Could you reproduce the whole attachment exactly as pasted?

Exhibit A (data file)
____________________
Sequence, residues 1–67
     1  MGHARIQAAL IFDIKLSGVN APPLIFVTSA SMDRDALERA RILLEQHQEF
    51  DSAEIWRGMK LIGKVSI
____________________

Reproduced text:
Sequence, residues 1–67
     1  MGHARIQAAL IFDIKLSGVN APPLIFVTSA SMDRDALERA RILLEQHQEF
    51  DSAEIWRGMK LIGKVSI